John Kelly Robinson was a central figure in early Barberton History. He was a key investor in its creation and development, but Robinson’s influence reached far beyond the Magic City.
From Telegrapher to Tycoon
John Kelly Robinson was born on May 26, 1842, in Springfield, Ohio near Akron (Middlebury). He was the son of John Carter and Margaret Maria (Kelly) Robinson. Through his mother, Robinson was related to Col. John Kelly, a famous soldier of the Indian wars and the American Revolution.
After attending the public common and high schools of Akron, Ohio, J.K. Robinson earned $5.00 a month working as a clerk in the Akron book store owned by his brother, Wilson G. Robinson. While there, Robinson studied telegraphy under William C. Allen and served as a telegraph operator for about two years.
In September of 1862, Robinson briefly took part in the Defense of Cincinnati from Major General Kirby Smith and his confederate rebels. That same year he began to sell matches for one of the smallest match manufacturers in the country, George and O.C. Barber’s Barber Match Company.
Initially, Robinson sold matches from a wagon to storekeepers and anyone else interested in the necessities of the day. By making use of the rapidly expanding rail network, he began to expand the range of his sales territory. Within two years, Robinson had become such a successful salesman that he was admitted to partnership in the Company.
Barber Family Ties
Robinson was married, in 1869, to Henrietta Eleanor Barber, daughter of George and Eliza (Smith) Barber, the founder of the Barber Match Company. They would go on to have four daughters: Margaret Elizabeth, Mary Frances, Laura Barber and Eleanor, and one son, John K. Robinson, Jr.
The Diamond Match Patent
In 1871, while working for the Barber’s, Robinson obtained a patent for the process of manufacturing a diamond-shaped match. The diamond shaped matches created a strong quick flame and became a very popular, thus giving the Barber Match Co. the market place advantage they needed to grow. The Diamond Match Company, successor to the Barber Match Company, would take its name from Robinson’s match.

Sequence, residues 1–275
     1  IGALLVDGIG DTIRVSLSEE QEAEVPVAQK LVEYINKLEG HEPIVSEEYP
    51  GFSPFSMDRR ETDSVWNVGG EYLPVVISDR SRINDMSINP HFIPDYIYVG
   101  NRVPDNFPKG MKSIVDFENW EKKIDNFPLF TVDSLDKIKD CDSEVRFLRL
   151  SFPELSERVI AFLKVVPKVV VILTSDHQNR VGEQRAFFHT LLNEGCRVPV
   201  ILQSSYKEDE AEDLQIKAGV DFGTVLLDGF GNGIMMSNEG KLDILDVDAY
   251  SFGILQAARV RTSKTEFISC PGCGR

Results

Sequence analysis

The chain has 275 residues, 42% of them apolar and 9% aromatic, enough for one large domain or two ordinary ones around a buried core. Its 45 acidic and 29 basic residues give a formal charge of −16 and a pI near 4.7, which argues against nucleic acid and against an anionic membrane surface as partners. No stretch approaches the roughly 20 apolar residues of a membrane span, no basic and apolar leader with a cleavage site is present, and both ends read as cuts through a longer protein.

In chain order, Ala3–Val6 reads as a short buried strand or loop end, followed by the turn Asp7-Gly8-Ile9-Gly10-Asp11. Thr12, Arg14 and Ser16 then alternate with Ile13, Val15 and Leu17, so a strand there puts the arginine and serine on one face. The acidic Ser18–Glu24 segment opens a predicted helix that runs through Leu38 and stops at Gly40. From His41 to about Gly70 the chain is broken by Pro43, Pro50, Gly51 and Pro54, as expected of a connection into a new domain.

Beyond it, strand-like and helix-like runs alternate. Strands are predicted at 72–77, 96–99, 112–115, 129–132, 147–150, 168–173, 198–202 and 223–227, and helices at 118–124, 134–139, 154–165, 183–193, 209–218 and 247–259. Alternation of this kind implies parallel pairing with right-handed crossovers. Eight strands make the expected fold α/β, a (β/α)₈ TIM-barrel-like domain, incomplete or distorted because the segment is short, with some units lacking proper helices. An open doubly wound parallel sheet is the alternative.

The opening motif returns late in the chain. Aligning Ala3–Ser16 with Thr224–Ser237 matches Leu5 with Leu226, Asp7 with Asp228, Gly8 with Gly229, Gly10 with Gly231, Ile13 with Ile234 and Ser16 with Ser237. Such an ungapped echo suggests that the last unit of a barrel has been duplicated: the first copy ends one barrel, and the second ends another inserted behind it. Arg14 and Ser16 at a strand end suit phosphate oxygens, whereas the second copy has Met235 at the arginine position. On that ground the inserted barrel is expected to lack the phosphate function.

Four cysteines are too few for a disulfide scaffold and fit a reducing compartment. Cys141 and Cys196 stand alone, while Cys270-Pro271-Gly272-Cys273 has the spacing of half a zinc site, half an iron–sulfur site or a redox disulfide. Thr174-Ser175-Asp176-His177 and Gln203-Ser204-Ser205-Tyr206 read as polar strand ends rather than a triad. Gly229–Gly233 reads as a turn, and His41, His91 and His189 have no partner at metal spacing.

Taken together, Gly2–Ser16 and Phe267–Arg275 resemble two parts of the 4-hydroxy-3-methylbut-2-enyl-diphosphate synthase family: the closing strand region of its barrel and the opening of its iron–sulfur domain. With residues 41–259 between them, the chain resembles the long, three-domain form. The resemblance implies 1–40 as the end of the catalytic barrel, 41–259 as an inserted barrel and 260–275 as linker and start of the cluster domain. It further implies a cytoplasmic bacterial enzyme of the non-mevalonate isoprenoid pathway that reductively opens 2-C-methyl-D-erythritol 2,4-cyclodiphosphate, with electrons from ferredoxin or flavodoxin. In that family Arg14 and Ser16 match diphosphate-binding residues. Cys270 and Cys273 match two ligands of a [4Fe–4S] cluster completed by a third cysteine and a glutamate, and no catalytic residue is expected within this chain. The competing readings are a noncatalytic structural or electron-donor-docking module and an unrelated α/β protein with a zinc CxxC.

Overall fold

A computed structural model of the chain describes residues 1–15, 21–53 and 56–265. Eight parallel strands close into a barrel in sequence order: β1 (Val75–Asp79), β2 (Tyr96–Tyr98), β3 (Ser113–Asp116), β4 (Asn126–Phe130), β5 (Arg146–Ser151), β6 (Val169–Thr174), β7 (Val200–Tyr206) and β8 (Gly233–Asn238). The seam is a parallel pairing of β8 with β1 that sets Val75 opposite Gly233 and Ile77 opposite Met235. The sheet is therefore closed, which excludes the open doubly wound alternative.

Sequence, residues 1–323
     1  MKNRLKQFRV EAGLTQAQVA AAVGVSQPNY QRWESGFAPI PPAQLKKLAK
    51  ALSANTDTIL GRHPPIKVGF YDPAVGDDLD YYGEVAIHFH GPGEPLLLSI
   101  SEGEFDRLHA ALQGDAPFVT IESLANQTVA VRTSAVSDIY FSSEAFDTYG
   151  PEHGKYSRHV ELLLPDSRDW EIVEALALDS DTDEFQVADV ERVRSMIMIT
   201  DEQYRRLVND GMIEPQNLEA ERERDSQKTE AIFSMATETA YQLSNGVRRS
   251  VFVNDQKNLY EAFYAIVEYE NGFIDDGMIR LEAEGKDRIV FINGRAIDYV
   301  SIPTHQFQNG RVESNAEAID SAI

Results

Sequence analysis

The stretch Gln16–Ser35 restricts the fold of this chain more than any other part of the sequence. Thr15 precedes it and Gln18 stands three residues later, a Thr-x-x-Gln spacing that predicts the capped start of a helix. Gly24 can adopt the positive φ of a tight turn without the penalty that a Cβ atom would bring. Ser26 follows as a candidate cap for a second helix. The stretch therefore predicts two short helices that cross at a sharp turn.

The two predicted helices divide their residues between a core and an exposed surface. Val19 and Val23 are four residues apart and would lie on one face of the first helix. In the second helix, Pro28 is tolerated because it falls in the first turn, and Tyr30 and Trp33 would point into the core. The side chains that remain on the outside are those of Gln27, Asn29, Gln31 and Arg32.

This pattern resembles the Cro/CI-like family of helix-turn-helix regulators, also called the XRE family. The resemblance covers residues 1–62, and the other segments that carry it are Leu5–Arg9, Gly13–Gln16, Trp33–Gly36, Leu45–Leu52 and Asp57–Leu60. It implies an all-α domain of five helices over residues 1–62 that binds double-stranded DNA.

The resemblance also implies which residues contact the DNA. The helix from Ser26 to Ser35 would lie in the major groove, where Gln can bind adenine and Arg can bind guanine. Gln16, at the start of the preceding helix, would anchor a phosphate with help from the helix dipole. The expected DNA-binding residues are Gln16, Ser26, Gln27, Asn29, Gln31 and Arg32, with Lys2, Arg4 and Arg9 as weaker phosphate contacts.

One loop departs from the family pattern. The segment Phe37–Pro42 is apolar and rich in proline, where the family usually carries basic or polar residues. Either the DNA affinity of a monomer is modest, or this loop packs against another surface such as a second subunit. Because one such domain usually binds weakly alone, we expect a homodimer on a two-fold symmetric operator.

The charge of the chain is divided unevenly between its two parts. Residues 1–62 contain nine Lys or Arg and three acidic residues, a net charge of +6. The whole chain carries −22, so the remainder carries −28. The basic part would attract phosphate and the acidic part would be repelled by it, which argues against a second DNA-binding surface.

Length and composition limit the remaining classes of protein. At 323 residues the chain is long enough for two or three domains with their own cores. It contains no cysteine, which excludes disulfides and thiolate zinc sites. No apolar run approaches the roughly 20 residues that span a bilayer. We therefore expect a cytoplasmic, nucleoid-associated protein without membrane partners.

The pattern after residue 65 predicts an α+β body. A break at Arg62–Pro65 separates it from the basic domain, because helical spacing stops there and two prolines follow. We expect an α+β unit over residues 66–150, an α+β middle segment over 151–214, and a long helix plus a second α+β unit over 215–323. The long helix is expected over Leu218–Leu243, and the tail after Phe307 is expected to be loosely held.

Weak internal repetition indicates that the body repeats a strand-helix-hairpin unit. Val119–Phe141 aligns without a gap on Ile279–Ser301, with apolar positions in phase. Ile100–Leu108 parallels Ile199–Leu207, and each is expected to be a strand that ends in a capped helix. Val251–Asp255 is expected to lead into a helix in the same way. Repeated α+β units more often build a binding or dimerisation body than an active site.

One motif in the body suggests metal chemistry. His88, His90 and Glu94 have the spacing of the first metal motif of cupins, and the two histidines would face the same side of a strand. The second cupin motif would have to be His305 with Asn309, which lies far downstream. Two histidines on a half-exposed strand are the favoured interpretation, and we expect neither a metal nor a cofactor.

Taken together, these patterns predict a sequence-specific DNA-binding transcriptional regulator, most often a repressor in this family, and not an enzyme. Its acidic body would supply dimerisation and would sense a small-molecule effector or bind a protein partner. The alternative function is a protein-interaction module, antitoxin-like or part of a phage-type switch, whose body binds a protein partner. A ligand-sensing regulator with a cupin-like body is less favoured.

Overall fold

Robinson remained in control of the Barber sales department. In 1880 the Barber factories, once among the smallest producers of matches, were producing more than one-fourth of all matches sold in the United States. Robinson was promoted to president of the company. Then in 1881 when it was merged into the Diamond Match Company, he was elected as a director.
Robinson took charge of sales in the Western states, and soon afterwards of all sales in the United States and its territories. In 1890 he was named Treasurer of the Company.
Founder, Investor, Executive
Mr. J.K. Robinson was an initial investor in the Barberton Land and Improvement Company the founders of Barberton, Ohio. He also served in executive roles for:
- Barber Match Co.
- Diamond Match Co.
- Sterling Boiler Co.
- Diamond Rubber Co.
- Barberton & Western Railroad
- Barberton Belt Line Railroad
- Wabash Paper Co.
- Barberton Savings Bank
Robinson was the organizer of the Carrara Paint Company and the Tropical Fibre Co., which produced fiber from palmetto trees.
Politics, Service and High Society
Robinson was a steadfast Republican. During the Civil war he served in the Ohio Home Guards, that, under General Lew Wallace, prepared to capture John Hunt Morgan. Mr. Robinson was a member of the Washington Park Club, the Calumet Club, the Essex (Mass) Club and several golf clubs.